beauty and proliferation of life to be found in these submarine
jungles. Sea urchins, anemones, gastropods, shrimp, fish
and an "encyclopaedia" of smaller organisms on,
and amongst, the kelp. Masters of disguise, weedy sea dragons
and crested weedfish, now you see them, now you don't, float
through the liquid tapestry.
Tasmania's colourful temperate reefs.
DOWN ON THE rocky bottom, between the kelps' claw-like
holdfasts, shafts of sunlight reveal crevices bristling with
crayfish and hand-sized abalone. The simple ingredients of
sunlight, water, minerals and carbon dioxide converted to
living buildings, the kelp forest is a submarine city bustling
with life from street level right up to the penthouse suite.
FURTHER DOWN, beyond the reach of the light which
supports the giant forests, are the deep reefs and submarine
gardens. Usually found in strong currents, gardens of filter-feeding
sponges, sea whips, jewel anemones and zoanthids thrive
in the still, nutrient-rich water - a torch beam transforming
the dull browns and blues to dazzling yellows and oranges.
WITH THE HELP OF my wife and assistant Meri, and
several well-placed underwater lights, I felt satisfied to
have immortalised at least a few images of this twilight world
for others to share.
Giant king crab Pseudocarcincus gigas.
Despite its formidable looking claws, this king
crab ‘Pseudocarcinus gigas’ (left)
showed little aggression when we approached it. At 15 kilograms
it is one of the world’s largest crabs and has recently
become the subject of a newly developing fishery. Generally
a deepwater species, in the past most specimens were taken
as by-catch in lobster pots or brought up in trawls, but
now they are being targeted with robust, specifically designed
traps. Even though knowledge of its biology is scant, management
strategies, including restrictions on size and reproductive
condition, have already been implemented to stop short-term
Yellow sea spiders Pseudopallene ambigua.
CRAWLY from Tasmanian waters, and one with significantly
less commercial potential, is the yellow sea spider ‘Pseudopallene
ambigua’. Often living on their food source,
such as this bryozoan, sea spiders incubate their eggs attached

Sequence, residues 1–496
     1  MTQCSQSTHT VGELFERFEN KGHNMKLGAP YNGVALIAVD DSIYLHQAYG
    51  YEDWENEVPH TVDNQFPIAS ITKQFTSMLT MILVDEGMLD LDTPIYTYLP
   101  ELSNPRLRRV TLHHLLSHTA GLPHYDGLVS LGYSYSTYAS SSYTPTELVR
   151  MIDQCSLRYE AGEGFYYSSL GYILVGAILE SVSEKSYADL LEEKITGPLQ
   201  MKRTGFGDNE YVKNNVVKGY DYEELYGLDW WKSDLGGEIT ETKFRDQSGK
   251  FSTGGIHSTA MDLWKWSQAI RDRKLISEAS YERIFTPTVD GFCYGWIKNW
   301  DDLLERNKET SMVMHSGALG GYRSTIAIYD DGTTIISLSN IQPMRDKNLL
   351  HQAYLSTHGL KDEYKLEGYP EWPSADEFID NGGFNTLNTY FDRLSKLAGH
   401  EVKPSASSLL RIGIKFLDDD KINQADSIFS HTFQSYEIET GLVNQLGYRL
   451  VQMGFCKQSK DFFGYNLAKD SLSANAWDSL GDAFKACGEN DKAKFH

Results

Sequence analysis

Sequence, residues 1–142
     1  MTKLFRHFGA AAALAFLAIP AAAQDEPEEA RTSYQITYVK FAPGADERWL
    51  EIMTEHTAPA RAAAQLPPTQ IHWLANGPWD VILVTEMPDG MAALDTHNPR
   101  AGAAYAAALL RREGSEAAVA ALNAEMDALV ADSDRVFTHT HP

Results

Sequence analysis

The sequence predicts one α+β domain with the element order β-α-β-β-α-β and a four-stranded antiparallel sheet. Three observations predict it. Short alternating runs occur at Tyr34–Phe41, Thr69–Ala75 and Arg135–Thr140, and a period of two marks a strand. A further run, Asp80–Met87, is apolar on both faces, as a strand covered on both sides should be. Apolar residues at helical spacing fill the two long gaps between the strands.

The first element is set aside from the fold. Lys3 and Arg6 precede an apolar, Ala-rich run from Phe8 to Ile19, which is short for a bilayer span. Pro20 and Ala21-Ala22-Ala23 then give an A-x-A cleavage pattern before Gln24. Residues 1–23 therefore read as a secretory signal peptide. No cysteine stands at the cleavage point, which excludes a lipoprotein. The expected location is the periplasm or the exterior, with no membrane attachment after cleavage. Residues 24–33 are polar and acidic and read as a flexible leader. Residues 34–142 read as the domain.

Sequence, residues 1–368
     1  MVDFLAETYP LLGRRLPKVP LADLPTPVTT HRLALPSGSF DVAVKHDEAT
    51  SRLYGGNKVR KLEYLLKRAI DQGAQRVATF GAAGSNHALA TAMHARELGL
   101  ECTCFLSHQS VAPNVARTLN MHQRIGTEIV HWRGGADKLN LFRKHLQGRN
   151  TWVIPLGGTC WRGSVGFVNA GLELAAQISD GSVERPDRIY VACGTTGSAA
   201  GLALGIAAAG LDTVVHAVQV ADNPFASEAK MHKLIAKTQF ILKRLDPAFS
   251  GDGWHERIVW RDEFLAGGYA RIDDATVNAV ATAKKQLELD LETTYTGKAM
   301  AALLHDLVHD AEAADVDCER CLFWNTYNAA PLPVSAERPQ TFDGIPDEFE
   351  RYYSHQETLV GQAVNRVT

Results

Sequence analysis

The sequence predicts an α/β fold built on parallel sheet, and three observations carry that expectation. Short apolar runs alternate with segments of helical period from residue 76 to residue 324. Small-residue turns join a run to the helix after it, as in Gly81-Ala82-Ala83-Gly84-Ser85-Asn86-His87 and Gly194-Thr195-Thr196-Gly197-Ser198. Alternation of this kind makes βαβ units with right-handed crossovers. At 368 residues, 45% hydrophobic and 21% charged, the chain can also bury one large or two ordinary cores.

to special carrying legs, a duty performed by the male.
Sea spiders are no more closely related to terrestrial spiders
than the swimming sea anemone 'Phlyctenactis tuberculosa’.
Moving from place to place by releasing its adhesive pad
and rolling with the current, it is commonly found attached
to kelp and seagrasses, an unusual preference for an anemone.
Tasmania's temperate reefs - colourful whip
and sponge gardens.
At 35 metres down absence of light releases sponges and
other filter feeders from competition with algae. Off Bicheno,
on Tasmania’s east coast, we were rewarded with some
of Australia’s most spectacular and diverse invertebrate
gardens. Our powerful underwater lights transformed a dull,
grey bottom into a magical world where huge finger sponges
thrust skyward like clusters of colourful smokestacks. The
sea whips, zoanthids and sponges pictured here represent
a small sample of the profusion of shapes, patterns and
colours on display.
Deadly Southern Blue-ringed octopus Hapalochlaena
maculosa swims using
jet propulsion through siphon nozzle. Blue rings
flash to warn would-be predators to stay away.
This flashing display put on by a southern blue-ringed octopus
'Hapalachlaena maculosa' is not for aesthetic purposes.
A bite from this diminutive (12cm) creature can kill an
adult in less than 15 minutes. This specimen was uncovered
when we overturned a small rock to see what was sheltering
beneath. Obligingly, it gave a display of its graceful swimming
action, allowing us to snap several shots which clearly
show its means of jet propulsion through the siphon nozzle.
But when it attached itself to my regulator hose I began
to wonder how badly I really needed a set of action shots!
Text: Gary Bell
Photography: Gary Bell